In summary, it is highly encouraging that a good disease protection was obtained in different crop species and toward different pathogens by PSP1-treatment and that in at least one case the protection was observed under natural growth conditions. These results show that PSP1 could be a valuable and sustainable alternative to chemical pesticides for successful control of a large number of diseases in important crop species, although additional field trials are required before a definitive answer to this postulation can be given.

Author Contributions

NC, SD, EM, AC, and BW conceived and designed the experiments. NC performed the experiments in strawberry and soybean. SD carried out the optimization of the fermentation process and its scaling-up. NC and SD analyzed and interpreted the data. FB and MC carried out the analytical measurements of protein. PDP optimized the phytopathological test in soybean. RB performed the phytopathological assays in sugarcane. SS carried out the wheat field trials. NC and BW drafted the work and wrote the manuscript. AC revised critically the article. NC edited the manuscript. All authors approved the final version of the manuscript.


This research was supported by funds from PICT 2013-3138 (Res. Agencia: N° 214/14 and 539/13), and from collaboration agreements between EEAOC and Laboratorios BIAGRO S.A. (2012–2013) and between EEAOC, CONICET and Bayer CropScience (Res. D. 4508/15). NC, SS, MF, JDR, AC, and BW are researchers of CONICET. SD is a researcher at Bayer CropScience. FB is a fellow of FONCYT. MC, PDP, and RB are fellows of CONICET. SS is a Prof. at UNCPBA. EM is a founder and CEO of ANNUIT S.A. The funding agencies had no role in study, design, collection, analysis and interpretation of data, decision to publish, or writing of the report.

Conflict of Interest Statement

The authors declare that the research was conducted in the absence of any commercial or financial relationships that could be construed as a potential conflict of interest.


In memory of our dear colleague and friend Agr. Eng. M.Sc. Miguel Morandini. The authors are grateful to BGA-UNT coordinated by Prof. Dr. Juan C. Díaz-Ricci, and Dr. Martín G. Martinez-Zamora and Ing. Cecilia Lemme for providing micropropagated strawberry plants. Thanks are also extended to Dr. Martín G. Martinez-Zamora for in silico designing primers for qPCR assays, to Dr. Carlos Grellet-Bournonville and Dr. Aldo Noguera for contributing in sugarcane tests and to Lic. Paula Claps and Dr. Gabriela Michavila for contributing in soybean assays.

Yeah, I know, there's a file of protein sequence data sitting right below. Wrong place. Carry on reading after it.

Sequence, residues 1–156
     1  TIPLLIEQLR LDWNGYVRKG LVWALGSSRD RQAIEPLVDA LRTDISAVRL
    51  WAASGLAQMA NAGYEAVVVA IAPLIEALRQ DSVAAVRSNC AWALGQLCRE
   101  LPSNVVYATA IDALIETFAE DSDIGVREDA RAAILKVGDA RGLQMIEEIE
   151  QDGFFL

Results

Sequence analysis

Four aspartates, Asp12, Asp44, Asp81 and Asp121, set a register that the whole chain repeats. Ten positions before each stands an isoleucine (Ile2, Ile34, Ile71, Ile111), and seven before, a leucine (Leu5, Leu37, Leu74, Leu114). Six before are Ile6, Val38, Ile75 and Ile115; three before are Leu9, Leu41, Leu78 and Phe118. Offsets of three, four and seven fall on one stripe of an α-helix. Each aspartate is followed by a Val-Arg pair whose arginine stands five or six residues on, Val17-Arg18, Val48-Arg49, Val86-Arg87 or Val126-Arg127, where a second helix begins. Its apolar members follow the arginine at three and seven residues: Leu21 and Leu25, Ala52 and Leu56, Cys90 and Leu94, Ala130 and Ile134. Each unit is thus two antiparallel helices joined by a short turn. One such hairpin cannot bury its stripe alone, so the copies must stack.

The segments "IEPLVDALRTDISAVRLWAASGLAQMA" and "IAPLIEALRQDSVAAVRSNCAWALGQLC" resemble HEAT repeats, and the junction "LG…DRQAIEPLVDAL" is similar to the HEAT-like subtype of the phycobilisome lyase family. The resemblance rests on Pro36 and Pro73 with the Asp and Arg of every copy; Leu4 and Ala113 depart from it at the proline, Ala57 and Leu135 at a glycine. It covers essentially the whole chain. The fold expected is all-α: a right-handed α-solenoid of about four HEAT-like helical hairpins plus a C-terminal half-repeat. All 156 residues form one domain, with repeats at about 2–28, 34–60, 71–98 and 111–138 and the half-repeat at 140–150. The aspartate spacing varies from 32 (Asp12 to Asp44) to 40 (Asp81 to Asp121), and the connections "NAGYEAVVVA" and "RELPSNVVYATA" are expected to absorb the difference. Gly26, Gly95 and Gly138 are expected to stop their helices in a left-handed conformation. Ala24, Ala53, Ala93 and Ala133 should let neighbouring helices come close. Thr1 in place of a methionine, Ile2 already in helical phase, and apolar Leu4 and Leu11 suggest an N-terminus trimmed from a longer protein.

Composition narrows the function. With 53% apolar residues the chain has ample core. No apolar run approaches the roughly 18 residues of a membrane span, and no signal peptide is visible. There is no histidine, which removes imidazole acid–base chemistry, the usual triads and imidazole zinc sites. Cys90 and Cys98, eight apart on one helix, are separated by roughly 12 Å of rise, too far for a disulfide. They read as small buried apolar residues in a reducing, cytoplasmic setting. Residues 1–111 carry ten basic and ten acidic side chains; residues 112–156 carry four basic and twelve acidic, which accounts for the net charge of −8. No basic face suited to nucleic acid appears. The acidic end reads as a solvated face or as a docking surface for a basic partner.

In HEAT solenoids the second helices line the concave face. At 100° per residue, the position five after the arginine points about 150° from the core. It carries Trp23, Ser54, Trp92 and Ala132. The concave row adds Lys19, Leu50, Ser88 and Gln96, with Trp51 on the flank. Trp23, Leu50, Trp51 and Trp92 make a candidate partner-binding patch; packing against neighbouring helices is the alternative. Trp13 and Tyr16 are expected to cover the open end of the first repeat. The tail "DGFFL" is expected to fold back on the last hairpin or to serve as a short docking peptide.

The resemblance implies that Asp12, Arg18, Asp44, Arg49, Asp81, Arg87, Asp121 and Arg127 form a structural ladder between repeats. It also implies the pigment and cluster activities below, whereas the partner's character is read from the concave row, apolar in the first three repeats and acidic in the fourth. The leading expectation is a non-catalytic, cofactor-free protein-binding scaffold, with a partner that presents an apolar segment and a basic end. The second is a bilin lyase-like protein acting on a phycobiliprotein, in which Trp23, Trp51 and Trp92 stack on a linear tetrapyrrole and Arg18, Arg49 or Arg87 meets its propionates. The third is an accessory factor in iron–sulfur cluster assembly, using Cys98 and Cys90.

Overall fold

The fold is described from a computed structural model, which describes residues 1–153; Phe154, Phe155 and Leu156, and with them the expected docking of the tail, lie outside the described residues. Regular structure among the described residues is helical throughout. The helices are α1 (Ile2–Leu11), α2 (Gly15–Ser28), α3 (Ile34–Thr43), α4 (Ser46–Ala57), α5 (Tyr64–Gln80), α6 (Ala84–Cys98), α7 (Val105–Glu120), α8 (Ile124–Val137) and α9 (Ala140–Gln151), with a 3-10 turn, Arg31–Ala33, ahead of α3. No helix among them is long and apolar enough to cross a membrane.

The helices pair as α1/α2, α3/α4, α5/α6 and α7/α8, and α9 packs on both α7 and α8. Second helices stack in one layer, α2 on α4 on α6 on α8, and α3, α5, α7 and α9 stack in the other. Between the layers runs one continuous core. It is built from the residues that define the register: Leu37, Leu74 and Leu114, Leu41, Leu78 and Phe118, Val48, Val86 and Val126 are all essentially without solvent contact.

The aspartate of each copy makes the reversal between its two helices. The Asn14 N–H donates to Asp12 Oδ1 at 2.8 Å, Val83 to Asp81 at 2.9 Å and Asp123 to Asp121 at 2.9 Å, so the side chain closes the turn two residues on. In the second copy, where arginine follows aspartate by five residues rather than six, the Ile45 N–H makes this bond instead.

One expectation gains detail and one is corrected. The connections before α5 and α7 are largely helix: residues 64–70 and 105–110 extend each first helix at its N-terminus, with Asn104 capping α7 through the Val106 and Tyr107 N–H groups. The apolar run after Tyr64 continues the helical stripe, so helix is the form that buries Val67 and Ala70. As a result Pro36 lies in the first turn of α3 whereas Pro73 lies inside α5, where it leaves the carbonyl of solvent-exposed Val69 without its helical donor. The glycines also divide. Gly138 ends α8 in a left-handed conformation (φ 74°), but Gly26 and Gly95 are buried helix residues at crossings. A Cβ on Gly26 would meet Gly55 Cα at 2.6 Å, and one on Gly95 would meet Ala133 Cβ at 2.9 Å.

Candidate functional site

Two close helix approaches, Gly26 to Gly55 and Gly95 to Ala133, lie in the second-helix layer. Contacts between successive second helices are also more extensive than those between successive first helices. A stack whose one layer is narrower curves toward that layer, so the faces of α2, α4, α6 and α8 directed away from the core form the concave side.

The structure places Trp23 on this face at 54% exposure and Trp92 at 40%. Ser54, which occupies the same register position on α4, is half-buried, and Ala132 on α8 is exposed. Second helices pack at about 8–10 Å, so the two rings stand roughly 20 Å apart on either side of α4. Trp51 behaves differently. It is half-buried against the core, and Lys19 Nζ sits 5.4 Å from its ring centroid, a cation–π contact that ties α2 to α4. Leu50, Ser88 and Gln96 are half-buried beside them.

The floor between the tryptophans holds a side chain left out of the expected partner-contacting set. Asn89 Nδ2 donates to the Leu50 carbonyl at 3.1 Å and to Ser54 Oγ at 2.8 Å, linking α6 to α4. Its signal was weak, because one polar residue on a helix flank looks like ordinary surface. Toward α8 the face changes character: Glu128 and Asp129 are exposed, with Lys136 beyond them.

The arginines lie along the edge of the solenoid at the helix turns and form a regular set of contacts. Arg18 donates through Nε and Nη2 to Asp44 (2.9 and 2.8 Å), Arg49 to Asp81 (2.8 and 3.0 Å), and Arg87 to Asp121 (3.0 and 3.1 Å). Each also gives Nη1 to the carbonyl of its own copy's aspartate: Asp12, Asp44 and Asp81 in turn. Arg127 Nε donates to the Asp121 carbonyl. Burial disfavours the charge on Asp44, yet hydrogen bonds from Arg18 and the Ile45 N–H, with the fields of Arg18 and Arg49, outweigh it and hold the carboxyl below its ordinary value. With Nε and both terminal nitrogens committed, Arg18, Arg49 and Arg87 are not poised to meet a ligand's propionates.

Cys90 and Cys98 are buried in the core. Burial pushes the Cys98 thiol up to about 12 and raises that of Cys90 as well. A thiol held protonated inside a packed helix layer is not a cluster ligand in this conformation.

Supplementary Material

The Supplementary Material for this article can be found online at:


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Keywords: induced resistance, plant defense, strawberry anthracnose, soybean target spot, sugarcane red stripe, wheat Fusarium head blight

Citation: Chalfoun NR, Durman SB, Budeguer F, Caro MdP, Bertani RP, Di Peto P, Stenglein SA, Filippone MP, Moretti ER, Díaz Ricci JC, Welin B and Castagnaro AP (2018) Development of PSP1, a Biostimulant Based on the Elicitor AsES for Disease Management in Monocot and Dicot Crops. Front. Plant Sci. 9:844. doi: 10.3389/fpls.2018.00844

Received: 26 November 2017; Accepted: 30 May 2018;
Published: 24 July 2018.

Edited by:

Michele Perazzolli, Fondazione Edmund Mach, Italy

Reviewed by:

Jose M. Garcia-Mina, Universidad de Navarra, Spain
YeonKyeong Lee, Norwegian University of Life Sciences, Norway

Copyright © 2018 Chalfoun, Durman, Budeguer, Caro, Bertani, Di Peto, Stenglein, Filippone, Moretti, Díaz Ricci, Welin and Castagnaro. This is an open-access article distributed under the terms of the Creative Commons Attribution License (CC BY). The use, distribution or reproduction in other forums is permitted, provided the original author(s) and the copyright owner(s) are credited and that the original publication in this journal is cited, in accordance with accepted academic practice. No use, distribution or reproduction is permitted which does not comply with these terms.

*Correspondence: Björn Welin,; Atilio P. Castagnaro,

These authors have contributed equally to this work.

Disclaimer: All claims expressed in this article are solely those of the authors and do not necessarily represent those of their affiliated organizations, or those of the publisher, the editors and the reviewers. Any product that may be evaluated in this article or claim that may be made by its manufacturer is not guaranteed or endorsed by the publisher.